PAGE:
Dangerous children's infectious diseases have been eradicated, but they are replaced by fractures, poisoning, burns and fatal injuries. Experience shows, however, that the number of serious injuries can be reduced if children are taught how to avoid them. And this was the main objective of the National Week of Child Injury Prevention, that ended in Prague on Friday. Alena Skodova has the details:
The week was organized by a non-governmental organization called 'Held-Out Hand' and it included a series of events for primary school children, their parents and teachers. Earlier this week, I went to a velodrome in the Prague 10 district to attend one of them. Unfortunately, I came at a bad time. I was told children who were there in the morning were gone, and those expected to come in the afternoon had not shown up yet. But I found one of the organizers, Tomas Langer, who told me more about the event:
"It's named '12 hours in Helmet' and the mission of this action is to tell everybody that helmets are very useful when you ride a bike, and we have this children's day to teach children about injuries, together with riding bicycles."
And do you cooperate with schools, teachers and parents?
"Yes, our company, a public service company, cooperates with schools and children's houses, we send them packages with materials that we use for teaching children, and they make about 100 such events every year."
Tell us something about your company.
"It's a non-governmental organization, Held-Out Hand, it's a public service company, and it deals with child injuries. Our company is very small, so we put emphasis on these events - one week a year - called National Week Of Child Injuries Prevention."
And is it held only in Prague?
"Yes, these events are only in Prague, but the packages we send to our partners are sent to the whole republic."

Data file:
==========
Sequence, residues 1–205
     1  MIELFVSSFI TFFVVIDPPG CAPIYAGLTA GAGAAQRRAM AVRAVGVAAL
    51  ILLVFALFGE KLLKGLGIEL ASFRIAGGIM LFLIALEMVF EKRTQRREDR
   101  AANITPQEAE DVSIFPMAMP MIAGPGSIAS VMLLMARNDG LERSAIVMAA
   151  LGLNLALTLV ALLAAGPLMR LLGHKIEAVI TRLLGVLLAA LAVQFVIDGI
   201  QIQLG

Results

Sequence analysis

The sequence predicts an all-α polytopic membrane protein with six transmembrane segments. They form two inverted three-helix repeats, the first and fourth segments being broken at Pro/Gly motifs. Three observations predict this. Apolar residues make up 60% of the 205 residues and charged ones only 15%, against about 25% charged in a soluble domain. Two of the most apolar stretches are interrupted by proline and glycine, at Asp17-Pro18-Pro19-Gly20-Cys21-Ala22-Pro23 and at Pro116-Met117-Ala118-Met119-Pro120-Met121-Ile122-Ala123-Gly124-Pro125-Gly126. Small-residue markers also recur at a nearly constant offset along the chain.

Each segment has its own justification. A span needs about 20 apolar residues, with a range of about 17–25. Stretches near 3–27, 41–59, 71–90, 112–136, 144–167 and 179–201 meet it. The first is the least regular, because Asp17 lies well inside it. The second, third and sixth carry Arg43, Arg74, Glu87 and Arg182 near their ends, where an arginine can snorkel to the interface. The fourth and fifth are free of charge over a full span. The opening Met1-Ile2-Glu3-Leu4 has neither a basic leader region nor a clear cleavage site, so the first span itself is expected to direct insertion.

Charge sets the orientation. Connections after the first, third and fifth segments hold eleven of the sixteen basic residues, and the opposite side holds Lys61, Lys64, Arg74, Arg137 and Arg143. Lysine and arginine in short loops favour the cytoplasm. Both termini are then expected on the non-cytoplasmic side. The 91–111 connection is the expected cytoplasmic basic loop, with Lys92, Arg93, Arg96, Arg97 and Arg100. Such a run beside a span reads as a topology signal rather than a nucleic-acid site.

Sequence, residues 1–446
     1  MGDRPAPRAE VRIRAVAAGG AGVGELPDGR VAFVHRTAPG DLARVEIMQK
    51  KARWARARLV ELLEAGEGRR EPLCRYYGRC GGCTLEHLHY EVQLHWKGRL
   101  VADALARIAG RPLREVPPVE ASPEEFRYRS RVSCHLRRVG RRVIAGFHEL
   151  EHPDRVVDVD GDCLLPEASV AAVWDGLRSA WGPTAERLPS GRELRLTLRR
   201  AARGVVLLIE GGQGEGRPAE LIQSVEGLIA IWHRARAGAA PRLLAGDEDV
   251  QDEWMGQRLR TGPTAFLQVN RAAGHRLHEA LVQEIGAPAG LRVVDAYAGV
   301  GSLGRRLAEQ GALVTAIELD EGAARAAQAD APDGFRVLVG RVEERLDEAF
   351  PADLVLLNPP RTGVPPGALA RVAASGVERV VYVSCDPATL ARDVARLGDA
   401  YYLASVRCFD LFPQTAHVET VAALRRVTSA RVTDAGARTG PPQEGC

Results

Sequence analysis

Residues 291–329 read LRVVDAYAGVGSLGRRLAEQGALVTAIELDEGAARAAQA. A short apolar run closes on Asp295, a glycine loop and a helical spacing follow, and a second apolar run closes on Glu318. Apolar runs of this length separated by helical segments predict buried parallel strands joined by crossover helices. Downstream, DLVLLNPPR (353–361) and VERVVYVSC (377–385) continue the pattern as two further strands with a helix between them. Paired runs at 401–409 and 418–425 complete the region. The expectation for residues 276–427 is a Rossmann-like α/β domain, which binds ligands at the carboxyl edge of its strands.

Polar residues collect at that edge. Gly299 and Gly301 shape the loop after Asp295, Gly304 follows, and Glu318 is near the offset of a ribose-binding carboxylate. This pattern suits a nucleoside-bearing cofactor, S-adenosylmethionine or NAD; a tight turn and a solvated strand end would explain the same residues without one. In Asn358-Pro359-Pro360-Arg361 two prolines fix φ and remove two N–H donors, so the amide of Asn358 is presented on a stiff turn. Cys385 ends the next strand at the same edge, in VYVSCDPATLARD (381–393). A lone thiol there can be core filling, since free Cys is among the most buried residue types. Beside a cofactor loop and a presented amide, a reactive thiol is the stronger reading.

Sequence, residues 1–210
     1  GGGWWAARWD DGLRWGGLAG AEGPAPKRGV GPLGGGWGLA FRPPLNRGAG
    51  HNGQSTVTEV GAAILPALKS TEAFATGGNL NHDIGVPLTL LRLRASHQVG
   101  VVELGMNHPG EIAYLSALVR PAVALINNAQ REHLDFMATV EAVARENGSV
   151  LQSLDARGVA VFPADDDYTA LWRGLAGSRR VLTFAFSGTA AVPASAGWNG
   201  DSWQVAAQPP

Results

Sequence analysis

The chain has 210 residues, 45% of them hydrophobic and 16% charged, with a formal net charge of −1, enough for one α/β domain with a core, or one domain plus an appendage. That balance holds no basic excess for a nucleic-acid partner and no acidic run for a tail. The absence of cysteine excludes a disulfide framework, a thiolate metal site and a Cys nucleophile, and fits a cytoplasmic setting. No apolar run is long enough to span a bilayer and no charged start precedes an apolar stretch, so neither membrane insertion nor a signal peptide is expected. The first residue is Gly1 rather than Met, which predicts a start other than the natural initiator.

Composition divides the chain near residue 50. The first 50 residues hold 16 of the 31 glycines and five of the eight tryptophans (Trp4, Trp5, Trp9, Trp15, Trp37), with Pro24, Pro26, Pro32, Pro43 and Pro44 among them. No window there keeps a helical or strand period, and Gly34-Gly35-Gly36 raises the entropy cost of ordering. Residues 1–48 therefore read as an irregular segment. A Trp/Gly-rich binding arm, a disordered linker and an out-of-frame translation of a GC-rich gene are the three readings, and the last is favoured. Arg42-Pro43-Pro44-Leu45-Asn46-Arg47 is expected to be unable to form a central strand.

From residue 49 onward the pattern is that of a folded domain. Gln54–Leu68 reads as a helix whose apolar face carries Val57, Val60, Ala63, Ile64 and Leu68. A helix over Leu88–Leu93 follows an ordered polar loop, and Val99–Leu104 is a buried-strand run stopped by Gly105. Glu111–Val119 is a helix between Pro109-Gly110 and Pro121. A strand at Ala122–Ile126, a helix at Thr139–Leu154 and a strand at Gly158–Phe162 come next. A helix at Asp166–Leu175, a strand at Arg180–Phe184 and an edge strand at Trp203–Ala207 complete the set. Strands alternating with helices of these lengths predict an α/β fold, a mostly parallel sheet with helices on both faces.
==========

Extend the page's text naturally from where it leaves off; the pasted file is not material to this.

Are children used to wear helmet when they ride a bike or do you really have to teach them to do so?
"We have to teach them...."
And can you describe this day, what are the children doing here?
"Children are visiting our stations where they can learn about dangers in the home, in traffic and when they do some sport, and after they visit all the stations and finish, we give them presents - also about injuries."
The 'stations' Mr. Langer mentioned were in fact small stands, and in each of them children could learn about all kinds of dangers they can encounter in the home - ranging from a plugged-in iron to a bottle containing acid, but they were also taught what to do with dangerous things they might find on the street - such as used syringes thrown away by drug users. The Held-Out Hand organization's view is that the more children know about injuries, the more they are able to avoid them - and the same applies to their parents, because a substantial number of child injuries happen at home. Prevention is the most powerful tool, says Tomas Langer, and that's also what his organization's project, entitled Childhood without Injuries, is all about. The fact that 400 children die of injuries in the Czech Republic every year, and thousands are left disabled, underlines the necessity of events like this, when children learn important things in the form of a game.